But Republican groups have their work cut out for them following an election year in which Republican Senate candidate Sharon Angle of Nevada ran ads portraying undocumented immigrants as thuggish gang members. Hispanic voters also overwhelmingly sided with Sen. Michael Bennet against Republican Ken Buck, a former county prosecutor who had tried to deport more undocumented immigrants by seizing income-tax returns from accountants that catered to Spanish speakers.
The plan was later thrown out by a court.
The House Republican leadership took a symbolic step toward bridging the gap with Latinos last week in bypassing Republican Rep. Steve King of Iowa as the next chairman of the Judiciary Committee's subcommittee on immigration. King once suggested on the House floor that an electrified border fence would stop undocumented immigrants, likening it to the practice used to corral livestock.
"Obviously there was a message sent with Steve King not being selected for chair," said Aguilar, who is attending the conference. "But now the question is beyond ending harsh rhetoric: Will they actively propose a conservative proposal that goes beyond border control and domestic enforcement to a temporary work status."
As president, George W. Bush unsuccessfully pushed for sweeping immigration reform. But so far, the only new Republican proposal on immigration has come from a group of state lawmakers who are hoping for a Supreme Court ruling that would end the granting of automatic citizenship to the children of undocumented immigrants.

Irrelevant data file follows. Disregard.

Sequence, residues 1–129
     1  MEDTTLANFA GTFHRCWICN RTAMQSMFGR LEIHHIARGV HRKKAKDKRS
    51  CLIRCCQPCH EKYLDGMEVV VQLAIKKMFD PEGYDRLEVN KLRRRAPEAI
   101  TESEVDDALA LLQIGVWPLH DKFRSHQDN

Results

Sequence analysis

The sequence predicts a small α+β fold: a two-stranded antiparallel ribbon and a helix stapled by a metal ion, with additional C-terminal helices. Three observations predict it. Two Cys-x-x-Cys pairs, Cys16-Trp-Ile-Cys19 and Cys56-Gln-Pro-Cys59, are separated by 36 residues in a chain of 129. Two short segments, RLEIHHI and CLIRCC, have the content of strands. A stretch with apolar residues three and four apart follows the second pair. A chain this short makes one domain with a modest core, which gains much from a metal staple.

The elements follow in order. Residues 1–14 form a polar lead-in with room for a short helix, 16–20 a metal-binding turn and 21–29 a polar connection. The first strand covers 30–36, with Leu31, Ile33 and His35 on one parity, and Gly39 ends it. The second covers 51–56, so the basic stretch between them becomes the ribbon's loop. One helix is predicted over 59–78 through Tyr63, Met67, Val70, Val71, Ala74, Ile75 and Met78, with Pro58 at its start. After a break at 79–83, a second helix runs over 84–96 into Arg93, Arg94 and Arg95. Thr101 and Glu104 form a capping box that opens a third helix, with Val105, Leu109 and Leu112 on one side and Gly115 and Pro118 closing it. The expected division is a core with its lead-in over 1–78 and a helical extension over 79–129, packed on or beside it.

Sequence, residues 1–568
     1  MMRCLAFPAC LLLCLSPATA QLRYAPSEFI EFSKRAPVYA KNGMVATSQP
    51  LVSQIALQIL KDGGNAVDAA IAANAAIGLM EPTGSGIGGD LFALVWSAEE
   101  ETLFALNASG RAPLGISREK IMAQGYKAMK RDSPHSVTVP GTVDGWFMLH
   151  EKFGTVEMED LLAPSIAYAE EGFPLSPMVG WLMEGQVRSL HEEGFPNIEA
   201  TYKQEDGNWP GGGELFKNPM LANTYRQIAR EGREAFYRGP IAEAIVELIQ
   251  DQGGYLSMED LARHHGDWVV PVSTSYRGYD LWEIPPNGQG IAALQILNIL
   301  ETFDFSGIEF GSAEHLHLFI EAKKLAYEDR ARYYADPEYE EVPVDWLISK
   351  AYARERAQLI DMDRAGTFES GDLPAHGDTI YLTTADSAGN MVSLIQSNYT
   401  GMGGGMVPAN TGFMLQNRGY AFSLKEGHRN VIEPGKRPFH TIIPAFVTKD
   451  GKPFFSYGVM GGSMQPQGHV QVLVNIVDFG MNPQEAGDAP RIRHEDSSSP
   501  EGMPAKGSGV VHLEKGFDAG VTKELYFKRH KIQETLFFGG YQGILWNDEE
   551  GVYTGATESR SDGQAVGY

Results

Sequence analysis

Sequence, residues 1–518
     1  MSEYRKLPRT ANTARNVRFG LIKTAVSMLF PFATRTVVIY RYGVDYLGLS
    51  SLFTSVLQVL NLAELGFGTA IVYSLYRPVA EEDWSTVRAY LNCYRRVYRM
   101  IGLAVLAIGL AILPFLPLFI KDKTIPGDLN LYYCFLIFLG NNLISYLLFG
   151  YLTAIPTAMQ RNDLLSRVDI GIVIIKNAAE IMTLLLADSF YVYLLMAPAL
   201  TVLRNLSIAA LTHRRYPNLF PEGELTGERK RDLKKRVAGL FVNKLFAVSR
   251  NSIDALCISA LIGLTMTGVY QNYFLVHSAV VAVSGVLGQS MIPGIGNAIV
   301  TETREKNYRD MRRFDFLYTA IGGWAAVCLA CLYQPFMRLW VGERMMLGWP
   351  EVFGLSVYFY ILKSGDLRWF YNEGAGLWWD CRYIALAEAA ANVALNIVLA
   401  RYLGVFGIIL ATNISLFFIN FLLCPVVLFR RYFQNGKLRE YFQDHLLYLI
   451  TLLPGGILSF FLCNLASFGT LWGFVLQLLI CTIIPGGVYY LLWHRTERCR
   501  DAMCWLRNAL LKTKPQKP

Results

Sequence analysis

Simon Rosenberg, head of the liberal-leaning NDN organization, applauded the efforts of Republicans such as Jeb Bush to reach Latinos.
"It would be bad for the Latino community to only have one political party working with them," he said.
But Rosenberg questioned the notion that Hispanics have more in common with conservatives, noting that many Hispanics lack health insurance and will benefit from the Democrats' recent health care overhaul. He said the Republican Party needs more than improved outreach.
"There is a reactionary strain in the Republican Party that is angry about how the country is changing," he added, referring to the effects of immigration. "We are moving toward a majority nonwhite country. That is very difficult for some people to accept. And those people tend to be more Republican."
Bush and Gingrich support comprehensive immigration reform, but Republican leaders must still satisfy those who want to focus mainly on border security, including new Florida Gov. Rick Scott. Scott was among the keynote speakers Thursday night. Other speakers include the co-chair, former Commerce Secretary Carlos Gutiérrez, as well as Puerto Rican Gov. Luís Fortuño, former Colombian President Alvaro Uribe and Texas Sen. John Cornyn.
Coleman said he's proud of the diverse perspectives the conference will offer and hopes it leads to serious debate.
"So much of immigration is about tone," he said. Coleman added that Florida's Rubio and New Mexico's Martínez talk about immigration and border security "but in a tone that is helpful and respectful."
But neither Rubio nor Martínez will be at the conference, nor will newly elected Nevada Gov. Brian Sandoval, another Hispanic Republican star. Coleman said both Sandoval and Martínez have just begun their jobs and couldn't get away.
A spokesman for Rubio said the senator would be working on official business outside of South Florida but declined to provide details.
Based on reporting by the Associated Press.